I am working on quantum circuits and reversible logic. My investigations
focus on data structures that allow for the representation of larger
functions in an efficient way and, at the same time, can be used for the
synthesis of corresponding circuits.
My research focus is on the formal verification of arithmetic floating-point designs. In particular, I am developing appropriate formal verification techniques for decimal floating-point designs. As decimal floating-point is a quite recent addition to the IEEE Standard for Floating-Point Arithmetic (IEEE Std754-2008), new verification technologies are needed to verify the compliance of hardware designs with the standard.
The main field of my work is test generation in the design flow of digital circuits and systems. Here I am working on methods for both full and compact test generation for production test as well as for the validation of the design process at high levels of abstraction. In particular, I am working with formal proof techniques.
I am working in the area of solving optimization problems using probabilistic techniques such as evolutionary algorithms (EAs). In particular, I am aiming for applying these concepts in order to solve multi-objective optimization (MOO) problems which frequently occur in electronic design automation. My vision is to integrate them in existing design flows in a more comprehensive fashion.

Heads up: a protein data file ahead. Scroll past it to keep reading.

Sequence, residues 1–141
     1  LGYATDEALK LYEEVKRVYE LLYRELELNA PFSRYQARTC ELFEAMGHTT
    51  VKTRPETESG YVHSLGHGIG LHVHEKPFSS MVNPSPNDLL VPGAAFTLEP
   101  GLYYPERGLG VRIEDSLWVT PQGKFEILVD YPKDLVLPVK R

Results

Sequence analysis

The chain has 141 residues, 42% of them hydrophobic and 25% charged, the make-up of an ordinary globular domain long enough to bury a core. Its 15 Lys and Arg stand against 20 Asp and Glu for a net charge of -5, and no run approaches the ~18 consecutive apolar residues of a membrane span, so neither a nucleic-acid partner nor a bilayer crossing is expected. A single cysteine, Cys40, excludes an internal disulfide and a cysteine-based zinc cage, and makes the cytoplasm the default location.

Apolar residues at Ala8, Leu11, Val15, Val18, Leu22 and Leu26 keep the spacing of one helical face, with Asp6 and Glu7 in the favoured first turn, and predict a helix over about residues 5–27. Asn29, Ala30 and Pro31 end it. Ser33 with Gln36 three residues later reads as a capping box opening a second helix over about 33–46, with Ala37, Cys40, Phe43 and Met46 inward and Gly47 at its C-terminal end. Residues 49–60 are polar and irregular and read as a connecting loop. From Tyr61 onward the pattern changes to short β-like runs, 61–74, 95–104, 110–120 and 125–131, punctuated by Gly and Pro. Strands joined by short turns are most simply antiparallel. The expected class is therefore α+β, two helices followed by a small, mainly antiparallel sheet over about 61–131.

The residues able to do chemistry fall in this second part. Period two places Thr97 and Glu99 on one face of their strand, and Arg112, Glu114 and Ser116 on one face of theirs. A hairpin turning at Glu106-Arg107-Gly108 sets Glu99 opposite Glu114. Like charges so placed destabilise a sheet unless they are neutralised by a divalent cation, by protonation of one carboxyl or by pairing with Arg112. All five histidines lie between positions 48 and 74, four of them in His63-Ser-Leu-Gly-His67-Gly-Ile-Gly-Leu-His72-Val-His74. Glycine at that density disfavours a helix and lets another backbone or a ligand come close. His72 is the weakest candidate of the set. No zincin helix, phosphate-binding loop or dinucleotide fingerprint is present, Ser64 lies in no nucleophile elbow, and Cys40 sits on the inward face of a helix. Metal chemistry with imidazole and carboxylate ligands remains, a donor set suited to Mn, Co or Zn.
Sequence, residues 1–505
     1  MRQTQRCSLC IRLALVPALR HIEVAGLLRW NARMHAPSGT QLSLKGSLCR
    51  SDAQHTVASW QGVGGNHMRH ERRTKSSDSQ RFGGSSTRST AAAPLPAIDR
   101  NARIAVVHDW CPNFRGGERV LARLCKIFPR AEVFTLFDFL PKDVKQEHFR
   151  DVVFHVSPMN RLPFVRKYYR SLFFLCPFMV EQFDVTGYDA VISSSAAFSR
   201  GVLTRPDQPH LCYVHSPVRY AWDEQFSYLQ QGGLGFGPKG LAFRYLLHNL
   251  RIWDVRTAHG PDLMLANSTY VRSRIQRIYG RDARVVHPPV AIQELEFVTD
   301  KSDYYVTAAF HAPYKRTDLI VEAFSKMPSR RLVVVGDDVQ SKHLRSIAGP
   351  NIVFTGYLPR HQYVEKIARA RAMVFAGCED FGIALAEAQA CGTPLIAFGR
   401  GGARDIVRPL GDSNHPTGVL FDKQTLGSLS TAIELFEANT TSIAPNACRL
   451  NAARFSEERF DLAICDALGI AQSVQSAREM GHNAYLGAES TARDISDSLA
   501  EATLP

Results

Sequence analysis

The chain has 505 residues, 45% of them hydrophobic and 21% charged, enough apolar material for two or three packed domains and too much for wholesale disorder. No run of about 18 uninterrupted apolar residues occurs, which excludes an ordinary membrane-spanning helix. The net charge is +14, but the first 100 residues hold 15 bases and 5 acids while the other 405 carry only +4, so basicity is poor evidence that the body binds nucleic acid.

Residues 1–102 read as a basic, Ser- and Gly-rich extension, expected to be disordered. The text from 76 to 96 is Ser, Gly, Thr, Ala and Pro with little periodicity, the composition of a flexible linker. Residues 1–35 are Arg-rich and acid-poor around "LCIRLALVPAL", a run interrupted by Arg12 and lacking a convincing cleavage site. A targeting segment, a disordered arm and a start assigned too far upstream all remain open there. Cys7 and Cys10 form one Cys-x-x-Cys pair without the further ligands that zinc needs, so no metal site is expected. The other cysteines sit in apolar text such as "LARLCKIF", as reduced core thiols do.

The main focus of my research activities is the analysis of description languages for hardware/software design. Major questions are how such hybrid systems can be visualized and what technical prerequisites need to be satisfied for this purpose.
In the context of the graduate school „System Design“ I'm researching simulation and formal verification of failure tolerant systems. Due to single transistors becoming smaller and requiring less voltage with each passing generation, it becomes more probable that a signal changes by outer influence like cosmic rays. For this reason, failure tolerance takes an important role in the design of new systems. Failure tolerance is meant to ensure that such a fault in a signal does not lead to an error that's visible for the user. In this context I specifically examine the processor Leon3.
My main research focus is on reversible logic which shows promising applications e.g. in the area of low-power design and quantum computation. However, till today no design flow for reversible logic exists - this must be changed. In particular, approaches for synthesis, verification, and debugging need improvements. Besides that, I am trying to improve the existing SAT- and SMT-solvers and their application in formal hardware verification.